Mindcheck is a wonderful, interactive website, aimed specifically at teens and young adults to help them identify what to look for and what may be happening when someone is struggling with depressed mood, anxiety, stress, body image or eating problems, substance use problems, or psychosis. Created by BC Children’s Hospital, this website provides quizzes, self-care information, and connections to community resources and professional services. www.mindcheck.ca
The Crisis Centre of BC has created a youth-oriented service called Youth in BC, which offers 24/7 phone support for teens, as well as online chat services from noon to 1:00am. www.youthinbc.com
The Kelty Mental Health Resource Centre is the number one service I recommend to parents. The Centre is physically located at BC Children’s Hospital in Vancouver, but can be accessed easily by phone and online. Parents can call the centre to chat with a Parent in Residence, a person who has vast experience in navigating the mental health system and has a child with a mental health challenge. The centre also has several Youth in Residence staff members who have lived with mental health challenges and can provide mentorship for other youth. In addition, the Kelty Centre runs the Pinwheel Education Series, a free monthly lunch-hour session on a mental health topic, which parents can attend in person or by telephone. www.keltymentalhealth.ca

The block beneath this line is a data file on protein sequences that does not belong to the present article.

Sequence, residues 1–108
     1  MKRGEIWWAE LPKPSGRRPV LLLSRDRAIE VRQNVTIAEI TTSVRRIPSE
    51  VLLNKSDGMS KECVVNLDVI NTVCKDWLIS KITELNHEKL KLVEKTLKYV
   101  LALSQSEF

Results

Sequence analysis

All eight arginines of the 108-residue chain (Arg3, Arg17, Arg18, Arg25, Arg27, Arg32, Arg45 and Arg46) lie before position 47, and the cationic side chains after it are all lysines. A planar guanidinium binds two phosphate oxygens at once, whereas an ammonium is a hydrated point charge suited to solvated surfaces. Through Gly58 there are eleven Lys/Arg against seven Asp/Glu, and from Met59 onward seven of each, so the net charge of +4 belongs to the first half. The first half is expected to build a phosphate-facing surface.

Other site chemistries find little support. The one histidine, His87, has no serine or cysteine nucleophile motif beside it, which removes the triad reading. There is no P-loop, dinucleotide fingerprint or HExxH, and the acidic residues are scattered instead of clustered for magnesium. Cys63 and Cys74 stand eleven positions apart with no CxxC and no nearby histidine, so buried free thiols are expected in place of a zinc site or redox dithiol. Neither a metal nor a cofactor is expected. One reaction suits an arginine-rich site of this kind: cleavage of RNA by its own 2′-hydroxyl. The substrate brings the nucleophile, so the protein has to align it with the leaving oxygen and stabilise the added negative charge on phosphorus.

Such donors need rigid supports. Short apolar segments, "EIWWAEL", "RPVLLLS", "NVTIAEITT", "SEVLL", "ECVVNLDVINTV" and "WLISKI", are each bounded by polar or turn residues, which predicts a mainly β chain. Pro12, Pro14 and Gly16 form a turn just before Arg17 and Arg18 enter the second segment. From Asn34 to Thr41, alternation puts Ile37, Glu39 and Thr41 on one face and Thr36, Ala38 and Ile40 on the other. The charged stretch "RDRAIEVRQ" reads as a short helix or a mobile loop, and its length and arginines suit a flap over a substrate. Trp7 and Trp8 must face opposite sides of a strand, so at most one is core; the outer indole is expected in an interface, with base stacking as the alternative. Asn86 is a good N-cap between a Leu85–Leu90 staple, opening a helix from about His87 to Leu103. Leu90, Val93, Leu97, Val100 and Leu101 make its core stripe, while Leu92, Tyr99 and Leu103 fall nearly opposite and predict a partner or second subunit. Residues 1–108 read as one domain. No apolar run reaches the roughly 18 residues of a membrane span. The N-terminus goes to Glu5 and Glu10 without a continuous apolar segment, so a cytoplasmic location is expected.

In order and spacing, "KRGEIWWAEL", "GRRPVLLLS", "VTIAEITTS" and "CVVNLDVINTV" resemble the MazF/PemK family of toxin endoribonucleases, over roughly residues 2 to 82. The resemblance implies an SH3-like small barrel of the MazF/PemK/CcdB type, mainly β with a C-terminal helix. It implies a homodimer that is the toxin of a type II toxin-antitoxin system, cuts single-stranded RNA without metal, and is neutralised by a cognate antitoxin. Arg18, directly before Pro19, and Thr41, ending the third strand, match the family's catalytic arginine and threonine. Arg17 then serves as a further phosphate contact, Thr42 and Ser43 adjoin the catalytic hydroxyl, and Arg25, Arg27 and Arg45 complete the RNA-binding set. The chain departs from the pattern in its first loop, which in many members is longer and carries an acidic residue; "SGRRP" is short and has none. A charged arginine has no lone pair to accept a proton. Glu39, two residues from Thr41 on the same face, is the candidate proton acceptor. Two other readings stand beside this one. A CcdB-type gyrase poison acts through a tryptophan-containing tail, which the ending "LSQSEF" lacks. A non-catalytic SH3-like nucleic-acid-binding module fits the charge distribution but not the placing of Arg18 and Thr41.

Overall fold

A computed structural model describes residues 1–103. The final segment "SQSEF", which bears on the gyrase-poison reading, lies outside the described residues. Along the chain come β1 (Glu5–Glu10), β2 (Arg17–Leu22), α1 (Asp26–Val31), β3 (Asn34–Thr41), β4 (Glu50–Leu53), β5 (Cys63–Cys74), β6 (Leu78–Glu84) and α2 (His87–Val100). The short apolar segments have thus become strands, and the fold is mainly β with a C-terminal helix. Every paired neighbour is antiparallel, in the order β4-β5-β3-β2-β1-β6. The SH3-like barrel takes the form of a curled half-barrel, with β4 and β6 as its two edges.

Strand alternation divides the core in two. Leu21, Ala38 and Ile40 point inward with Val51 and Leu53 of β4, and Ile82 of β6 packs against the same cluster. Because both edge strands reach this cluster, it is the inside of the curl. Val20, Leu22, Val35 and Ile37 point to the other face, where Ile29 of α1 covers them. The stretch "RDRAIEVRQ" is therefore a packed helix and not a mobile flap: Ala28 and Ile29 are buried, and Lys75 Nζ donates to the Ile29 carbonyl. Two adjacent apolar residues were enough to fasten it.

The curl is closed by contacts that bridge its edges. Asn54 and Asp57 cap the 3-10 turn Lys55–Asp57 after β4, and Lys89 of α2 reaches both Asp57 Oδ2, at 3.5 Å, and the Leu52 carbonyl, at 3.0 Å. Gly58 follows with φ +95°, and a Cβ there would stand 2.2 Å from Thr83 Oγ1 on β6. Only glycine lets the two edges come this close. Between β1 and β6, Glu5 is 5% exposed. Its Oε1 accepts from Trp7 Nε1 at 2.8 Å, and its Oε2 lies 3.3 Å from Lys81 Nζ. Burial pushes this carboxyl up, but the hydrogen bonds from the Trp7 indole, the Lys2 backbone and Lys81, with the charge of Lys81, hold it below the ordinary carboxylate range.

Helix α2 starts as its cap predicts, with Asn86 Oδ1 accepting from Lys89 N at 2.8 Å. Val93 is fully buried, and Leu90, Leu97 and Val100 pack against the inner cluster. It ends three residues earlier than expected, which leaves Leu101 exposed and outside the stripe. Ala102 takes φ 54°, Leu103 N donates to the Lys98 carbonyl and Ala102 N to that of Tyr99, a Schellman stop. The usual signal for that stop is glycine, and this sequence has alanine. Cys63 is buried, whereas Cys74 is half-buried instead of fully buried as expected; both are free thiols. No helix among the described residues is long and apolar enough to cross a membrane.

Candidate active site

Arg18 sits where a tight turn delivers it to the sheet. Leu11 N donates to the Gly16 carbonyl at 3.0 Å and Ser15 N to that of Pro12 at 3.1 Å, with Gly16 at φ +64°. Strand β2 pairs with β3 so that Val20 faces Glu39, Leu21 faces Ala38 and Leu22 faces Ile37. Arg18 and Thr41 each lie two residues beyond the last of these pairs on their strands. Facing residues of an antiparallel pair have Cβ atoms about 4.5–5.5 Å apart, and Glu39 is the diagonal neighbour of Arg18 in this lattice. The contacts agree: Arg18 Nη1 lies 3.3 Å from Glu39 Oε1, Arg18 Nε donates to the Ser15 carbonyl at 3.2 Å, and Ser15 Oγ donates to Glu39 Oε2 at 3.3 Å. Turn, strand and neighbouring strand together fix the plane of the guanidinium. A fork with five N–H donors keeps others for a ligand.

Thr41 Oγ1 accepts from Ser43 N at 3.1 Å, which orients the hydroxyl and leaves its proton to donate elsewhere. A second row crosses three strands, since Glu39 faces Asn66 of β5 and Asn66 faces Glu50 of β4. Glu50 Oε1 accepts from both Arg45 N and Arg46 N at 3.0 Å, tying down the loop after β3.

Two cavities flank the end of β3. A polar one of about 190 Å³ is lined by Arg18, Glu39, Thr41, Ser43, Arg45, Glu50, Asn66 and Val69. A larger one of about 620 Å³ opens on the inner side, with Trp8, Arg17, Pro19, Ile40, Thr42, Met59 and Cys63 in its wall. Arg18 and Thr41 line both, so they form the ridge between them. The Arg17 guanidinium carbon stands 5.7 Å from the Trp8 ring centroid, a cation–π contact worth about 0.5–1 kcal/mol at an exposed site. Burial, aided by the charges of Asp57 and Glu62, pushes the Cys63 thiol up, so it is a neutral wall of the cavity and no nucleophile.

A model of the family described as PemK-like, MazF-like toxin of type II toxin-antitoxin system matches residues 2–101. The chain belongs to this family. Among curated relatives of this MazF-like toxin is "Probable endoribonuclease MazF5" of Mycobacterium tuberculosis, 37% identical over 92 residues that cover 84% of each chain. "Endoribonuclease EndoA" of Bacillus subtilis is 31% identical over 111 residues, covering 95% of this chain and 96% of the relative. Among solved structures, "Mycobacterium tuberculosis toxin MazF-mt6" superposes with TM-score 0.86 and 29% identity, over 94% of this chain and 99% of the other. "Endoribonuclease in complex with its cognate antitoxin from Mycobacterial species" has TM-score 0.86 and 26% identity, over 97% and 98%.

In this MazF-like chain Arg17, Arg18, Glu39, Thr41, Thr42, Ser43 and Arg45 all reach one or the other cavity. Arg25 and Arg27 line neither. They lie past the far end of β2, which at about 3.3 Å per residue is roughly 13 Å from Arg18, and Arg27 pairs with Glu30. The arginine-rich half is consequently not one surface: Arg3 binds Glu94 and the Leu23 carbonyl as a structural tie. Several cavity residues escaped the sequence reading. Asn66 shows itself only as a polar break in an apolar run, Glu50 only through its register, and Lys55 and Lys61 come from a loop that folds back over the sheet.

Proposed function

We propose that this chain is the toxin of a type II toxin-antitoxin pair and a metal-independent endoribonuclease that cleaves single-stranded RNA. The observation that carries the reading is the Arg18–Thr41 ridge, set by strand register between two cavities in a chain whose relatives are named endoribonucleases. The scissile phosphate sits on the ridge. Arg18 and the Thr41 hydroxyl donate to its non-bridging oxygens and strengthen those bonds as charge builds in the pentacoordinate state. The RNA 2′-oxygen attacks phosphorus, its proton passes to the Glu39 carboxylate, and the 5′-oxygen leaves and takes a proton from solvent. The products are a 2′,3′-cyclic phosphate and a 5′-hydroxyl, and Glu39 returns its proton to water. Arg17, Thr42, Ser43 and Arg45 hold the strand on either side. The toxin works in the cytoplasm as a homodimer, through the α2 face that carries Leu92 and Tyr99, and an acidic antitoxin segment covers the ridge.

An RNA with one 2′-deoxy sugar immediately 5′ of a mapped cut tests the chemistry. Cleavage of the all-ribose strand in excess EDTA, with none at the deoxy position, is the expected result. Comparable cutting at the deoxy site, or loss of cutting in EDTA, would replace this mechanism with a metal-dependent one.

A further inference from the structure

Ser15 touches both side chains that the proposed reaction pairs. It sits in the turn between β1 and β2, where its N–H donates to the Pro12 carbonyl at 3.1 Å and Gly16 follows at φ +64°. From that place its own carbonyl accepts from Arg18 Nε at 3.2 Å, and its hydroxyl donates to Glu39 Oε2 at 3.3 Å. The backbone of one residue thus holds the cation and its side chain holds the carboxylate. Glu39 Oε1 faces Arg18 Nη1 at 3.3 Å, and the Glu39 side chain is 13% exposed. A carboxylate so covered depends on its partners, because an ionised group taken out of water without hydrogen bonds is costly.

Here to Help is a mental health service aimed at adults. As parents struggle to cope with a child’s mental health concerns, they often need to access services to take care of their own mental health needs. Here to Help provides information and access to services in several languages. www.heretohelp.bc.ca
As a school counsellor, one of the most challenging issues I come across is school avoidance and refusal. There are many complicated reasons a child stops coming to school: extreme anxiety around academic performance, peer conflict, body image issues, low self-esteem, perceived “meanness” of the teacher, medical problems. Solving the puzzle of why is half the battle; the other half is restoring the child’s confidence in school as a safe, caring environment. Unfortunately, the child may not perceive school as safe or caring. So what can you do as a parent when your child is afraid of school or has been away from school for a period of time?